Advanced SearchSearch Tips
Characterization and Antifungal Activity from Soilborne Streptomyces sp. AM50 towards Major Plant Pathogens
facebook(new window)  Pirnt(new window) E-mail(new window) Excel Download
 Title & Authors
Characterization and Antifungal Activity from Soilborne Streptomyces sp. AM50 towards Major Plant Pathogens
Jang, Jong-Ok; Lee, Jung-Bok; Kim, Beam-Soo; Kang, Sun-Chul; Hwang, Cher-Won; Shin, Kee-Sun; Kwon, Gi-Seok;
  PDF(new window)
BACKGROUND: Chemical fungicides not only may pollute the ecosystem but also can be environmentally hazardous, as the chemicals accumulate in soil. Biological control is a frequently-used environment-friendly alternative to chemical pesticides in phytopathogen management. However, the use of microbial products as fungicides has limitations. This study isolated and characterized a three-antifungal-enzyme (chitinase, cellulase, and -1,3-glucanase)-producing bacterium, and examined the conditions required to optimize the production of the antifungal enzymes. METHOD AND RESULTS: The antifungal enzymes chitinase, cellulase, and -1,3-glucanase were produced by bacteria isolated from an sawmill in Korea. Based on the 16S ribosomal DNA sequence analysis, the bacterial strain AM50 was identical to Streptomyces sp. And their antifungal activity was optimized when Streptomyces sp. AM50 was grown aerobically in a medium composed of 0.4% chitin, 0.4% starch, 0.2% ammonium sulfate, 0.11% , 0.07% , 0.0001% , and 0.0001% at . A culture broth of Streptomyces sp. AM50 showed antifungal activity towards the hyphae of plant pathogenic fungi, including hyphae swelling and lysis in P. capsici, factors that may contribute to its suppression of plant pathogenic fungi. CONCLUSION(S): This study demonstrated the multiantifungal enzyme production by Streptomyces sp. AM50 for the biological control of major plant pathogens. Further studies will investigate the synergistic effect, to the growth regulations by biogenic amines and antifungal enzyme gene promoter.
Antifungal activity;Biological control;Biogenic amines;Chitinase;Cellulase;Streptomyces sp.;
 Cited by
Akihiro, O., Takashi,A., Makoto,S., 1993. Production of the antifungal peptide antibiotic, Iturin by Bacillus subtilis NB22 in solid state fermentation, J. Ferm. Bioeng. 75, 23-27. crossref(new window)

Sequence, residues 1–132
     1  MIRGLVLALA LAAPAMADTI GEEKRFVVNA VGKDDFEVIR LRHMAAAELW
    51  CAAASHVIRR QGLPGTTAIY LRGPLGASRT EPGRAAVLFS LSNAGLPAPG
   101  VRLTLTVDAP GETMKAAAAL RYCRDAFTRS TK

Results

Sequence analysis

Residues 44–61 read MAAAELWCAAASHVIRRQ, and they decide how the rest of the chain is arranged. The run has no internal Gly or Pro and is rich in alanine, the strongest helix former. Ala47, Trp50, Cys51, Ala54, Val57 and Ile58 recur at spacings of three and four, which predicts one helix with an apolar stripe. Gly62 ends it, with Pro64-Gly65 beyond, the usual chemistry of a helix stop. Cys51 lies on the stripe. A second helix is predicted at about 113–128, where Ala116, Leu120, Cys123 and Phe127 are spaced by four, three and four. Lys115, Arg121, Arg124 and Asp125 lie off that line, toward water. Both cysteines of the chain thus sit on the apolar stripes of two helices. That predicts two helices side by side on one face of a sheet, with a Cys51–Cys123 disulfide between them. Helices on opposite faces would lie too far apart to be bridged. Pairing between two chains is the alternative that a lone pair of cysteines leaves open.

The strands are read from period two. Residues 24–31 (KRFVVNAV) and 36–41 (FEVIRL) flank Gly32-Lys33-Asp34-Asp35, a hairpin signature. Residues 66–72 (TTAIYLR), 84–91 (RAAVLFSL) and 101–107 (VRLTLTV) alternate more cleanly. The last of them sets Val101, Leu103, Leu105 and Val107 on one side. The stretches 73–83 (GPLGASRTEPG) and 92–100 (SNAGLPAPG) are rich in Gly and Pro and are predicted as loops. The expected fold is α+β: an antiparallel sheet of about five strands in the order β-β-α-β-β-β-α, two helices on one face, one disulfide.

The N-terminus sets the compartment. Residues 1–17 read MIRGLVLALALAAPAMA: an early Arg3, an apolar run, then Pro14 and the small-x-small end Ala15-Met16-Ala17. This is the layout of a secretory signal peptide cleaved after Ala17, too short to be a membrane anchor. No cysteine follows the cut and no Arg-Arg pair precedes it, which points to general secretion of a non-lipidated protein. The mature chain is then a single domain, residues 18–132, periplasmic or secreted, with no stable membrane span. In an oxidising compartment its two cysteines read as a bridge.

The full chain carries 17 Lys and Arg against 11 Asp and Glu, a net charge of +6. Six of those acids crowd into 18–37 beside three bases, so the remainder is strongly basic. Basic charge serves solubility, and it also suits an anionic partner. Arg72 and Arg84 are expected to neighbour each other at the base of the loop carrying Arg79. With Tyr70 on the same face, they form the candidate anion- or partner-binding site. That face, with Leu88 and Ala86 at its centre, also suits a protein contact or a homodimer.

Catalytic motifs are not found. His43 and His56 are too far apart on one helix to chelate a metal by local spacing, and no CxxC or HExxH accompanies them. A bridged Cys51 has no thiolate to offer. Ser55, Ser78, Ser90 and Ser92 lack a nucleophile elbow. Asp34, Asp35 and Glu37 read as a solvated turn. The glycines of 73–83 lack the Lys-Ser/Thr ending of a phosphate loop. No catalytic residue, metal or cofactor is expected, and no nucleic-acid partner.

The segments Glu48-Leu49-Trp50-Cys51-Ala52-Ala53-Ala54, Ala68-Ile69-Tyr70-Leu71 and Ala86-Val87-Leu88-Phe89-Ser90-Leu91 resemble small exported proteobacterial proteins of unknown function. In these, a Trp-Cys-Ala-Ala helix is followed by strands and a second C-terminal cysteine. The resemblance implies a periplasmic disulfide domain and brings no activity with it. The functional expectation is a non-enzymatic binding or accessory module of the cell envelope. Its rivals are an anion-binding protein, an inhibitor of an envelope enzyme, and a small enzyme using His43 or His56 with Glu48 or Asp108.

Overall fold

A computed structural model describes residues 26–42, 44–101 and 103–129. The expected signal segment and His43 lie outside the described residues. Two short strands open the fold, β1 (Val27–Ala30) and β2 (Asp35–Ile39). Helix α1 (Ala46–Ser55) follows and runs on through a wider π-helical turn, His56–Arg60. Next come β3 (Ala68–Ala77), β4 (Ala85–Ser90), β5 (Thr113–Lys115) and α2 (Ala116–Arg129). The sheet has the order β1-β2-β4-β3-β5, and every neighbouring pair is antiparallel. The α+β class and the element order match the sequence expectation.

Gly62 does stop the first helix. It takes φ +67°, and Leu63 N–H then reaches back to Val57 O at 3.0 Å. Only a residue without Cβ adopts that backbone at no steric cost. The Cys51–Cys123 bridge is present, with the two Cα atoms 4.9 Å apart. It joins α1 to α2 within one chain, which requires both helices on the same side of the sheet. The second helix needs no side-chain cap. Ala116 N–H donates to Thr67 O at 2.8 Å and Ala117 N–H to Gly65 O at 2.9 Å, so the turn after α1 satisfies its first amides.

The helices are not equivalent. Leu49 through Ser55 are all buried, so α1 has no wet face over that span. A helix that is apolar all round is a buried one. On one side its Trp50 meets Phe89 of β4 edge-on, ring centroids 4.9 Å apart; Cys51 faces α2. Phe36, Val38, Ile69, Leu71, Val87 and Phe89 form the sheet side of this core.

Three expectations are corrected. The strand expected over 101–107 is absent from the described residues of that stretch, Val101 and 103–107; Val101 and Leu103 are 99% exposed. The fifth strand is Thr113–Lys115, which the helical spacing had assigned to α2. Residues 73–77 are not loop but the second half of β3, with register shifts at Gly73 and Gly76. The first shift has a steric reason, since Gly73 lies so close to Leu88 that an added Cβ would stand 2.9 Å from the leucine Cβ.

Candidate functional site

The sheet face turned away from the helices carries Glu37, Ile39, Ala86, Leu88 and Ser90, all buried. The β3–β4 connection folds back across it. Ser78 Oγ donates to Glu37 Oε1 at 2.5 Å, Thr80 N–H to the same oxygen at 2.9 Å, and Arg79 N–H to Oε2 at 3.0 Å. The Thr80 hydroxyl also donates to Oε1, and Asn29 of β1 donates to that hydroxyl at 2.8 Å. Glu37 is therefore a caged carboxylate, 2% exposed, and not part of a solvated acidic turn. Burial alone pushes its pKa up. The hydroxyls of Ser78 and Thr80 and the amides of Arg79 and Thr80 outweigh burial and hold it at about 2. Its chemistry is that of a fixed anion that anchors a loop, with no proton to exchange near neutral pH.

Akihiro, S., Takeshi, F., Tadakatsu, Y., Kiyotaka, M., 1998. glk A Is involved in glucose repression of chitinase production in Streptomyces lividans, J. Biotechnol. 11, 2911-2914.

Chang, H.L., Wong, X.Z., Hong,L., Ren, X.T., 2001. Antifungal activity of Artemisia annua endophyte cultures against phytopathogenic fungi, J. Biotechnol. 88, 277-282. crossref(new window)

Chernin, L., Chet, I., 2002. Microbial enzymes in biocontrol of plant pathogens and pests, p. 171-225. In R. G. Burns and R.P. Dick (Eds.), Enzymes in the environment: Activity, Ecology, and Applications, Marcel Dekker, New York.

Daulagala, P.W.H.K.P., Allan, E.J., 2003. L-form bacteria of Pseudomonas syringae pV. phaseolicola induce chitinase and enhance resistance to Botrytis cinerea infection in Chinese cabbage, Physiological and Molecular Plant Pathology. 62, 253-263. crossref(new window)

Elad, Y.,Chet, I., Hensis, Y., 1982. Degradation of plant pathogenic fungi by Trichoderma harzianum, Can. J. Microbiol. 28, 719-725. crossref(new window)

Endo, A., Okada, S., 2005. Lactobacillus satsumensis sp. nov. isolated from mashes of shochu, a traditional Japanese distilled spirit made from fermented rice and other starchy materials, Int. J. Syst. Evol. Microbiol. 55, 83-85. crossref(new window)

Felsenstein, J., 1993. PHYLIP (phylogeny inference package), version 3.5c. Distributed by the author. Department of Genome Sciences, University of Washington, Seattle, USA.

Hassane, A.L., Andres, S., Manuel, R., Jesus, D.L.C., Enriaue, M., Antonio,L., 2001. An antifungal exo-$\alpha$-1,3-glucanase (ANG13.1) from the biocontrol fungus Trichoderma harzianum, Appl. Microbiol. Biotechnol. 67, 5833-5839.